But how would anyone know if a council will license a vehicle or not? :?

_________________
IDFIMH


Top
 Profile  
 
 Post subject:
PostPosted: Wed Jan 03, 2007 6:43 pm 
Offline
User avatar

Joined: Fri Oct 06, 2006 7:31 pm
Posts: 35
Location: North West
Sussex wrote:
Road Runner wrote:
There is no provision in law for the council to insist on a new vehicle as this is a pre-condition , the above act provides for conditions to be attached to the grant of a licence under the 1847 act, until such licence is granted then no condition can be attached as nothing exists for them to attach it to

But how would anyone know if a council will license a vehicle or not? :?


As long as the council are assured it is fit for use as a hackney carriage then under the 1847 act it must grant a licence or defend it's decision in a magistrates court initially

As i said before, conditions may only be attached to the GRANT of a licence, it may be an unfortunate wording from the councils perception but there it is in black and white


Top
 Profile  
 
 Post subject:
PostPosted: Wed Jan 03, 2007 6:45 pm 
Offline
User avatar

Joined: Wed Sep 03, 2003 7:30 pm
Posts: 49122
Location: 1066 Country
Road Runner wrote:
As long as the council are assured it is fit for use as a hackney carriage then under the 1847 act it must grant a licence or defend it's decision in a magistrates court initially.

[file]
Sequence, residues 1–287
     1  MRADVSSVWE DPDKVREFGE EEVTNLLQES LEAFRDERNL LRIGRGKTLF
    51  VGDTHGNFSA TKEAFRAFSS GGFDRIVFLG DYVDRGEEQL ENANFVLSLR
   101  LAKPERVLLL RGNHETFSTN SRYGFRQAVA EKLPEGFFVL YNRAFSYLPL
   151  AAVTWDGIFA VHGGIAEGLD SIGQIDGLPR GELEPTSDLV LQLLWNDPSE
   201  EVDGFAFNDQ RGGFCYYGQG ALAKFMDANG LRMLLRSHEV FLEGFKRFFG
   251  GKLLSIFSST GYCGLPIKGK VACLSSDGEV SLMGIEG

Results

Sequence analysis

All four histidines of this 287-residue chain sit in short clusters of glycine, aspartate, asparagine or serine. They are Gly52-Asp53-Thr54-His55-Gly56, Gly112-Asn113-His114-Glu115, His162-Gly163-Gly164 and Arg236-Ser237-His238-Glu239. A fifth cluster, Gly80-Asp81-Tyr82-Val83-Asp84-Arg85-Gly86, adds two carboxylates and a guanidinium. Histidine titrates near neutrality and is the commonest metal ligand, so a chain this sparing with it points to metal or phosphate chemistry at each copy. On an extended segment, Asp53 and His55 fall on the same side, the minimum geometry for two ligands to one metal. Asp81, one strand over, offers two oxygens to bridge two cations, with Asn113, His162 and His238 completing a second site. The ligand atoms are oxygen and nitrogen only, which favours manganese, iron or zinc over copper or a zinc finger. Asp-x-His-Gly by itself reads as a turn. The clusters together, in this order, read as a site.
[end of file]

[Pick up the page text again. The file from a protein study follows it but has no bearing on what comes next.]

But how will a new driver know if the council will accept his vehicle? :?

_________________
IDFIMH


Top
 Profile  
 
 Post subject:
PostPosted: Wed Jan 03, 2007 6:52 pm 
Offline
User avatar

Joined: Fri Oct 06, 2006 7:31 pm
Posts: 35
Location: North West
Sussex wrote:
Road Runner wrote:
As long as the council are assured it is fit for use as a hackney carriage then under the 1847 act it must grant a licence or defend it's decision in a magistrates court initially.

But how will a new driver know if the council will accept his vehicle? :?


Why wouldn't they if the pre-condition was proved to be unenforceable in a court of law? yet all other lawful requirements were fulfilled :roll:


Top
 Profile  
 
Display posts from previous:  Sort by  
Post new topic Reply to topic  [ 30 posts ]  Go to page 1, 2  Next

All times are UTC [ DST ]


Who is online

Users browsing this forum: No registered users and 9 guests


You cannot post new topics in this forum
You cannot reply to topics in this forum
You cannot edit your posts in this forum
You cannot delete your posts in this forum
You cannot post attachments in this forum

Jump to:  
Powered by phpBB® Forum Software © phpBB Group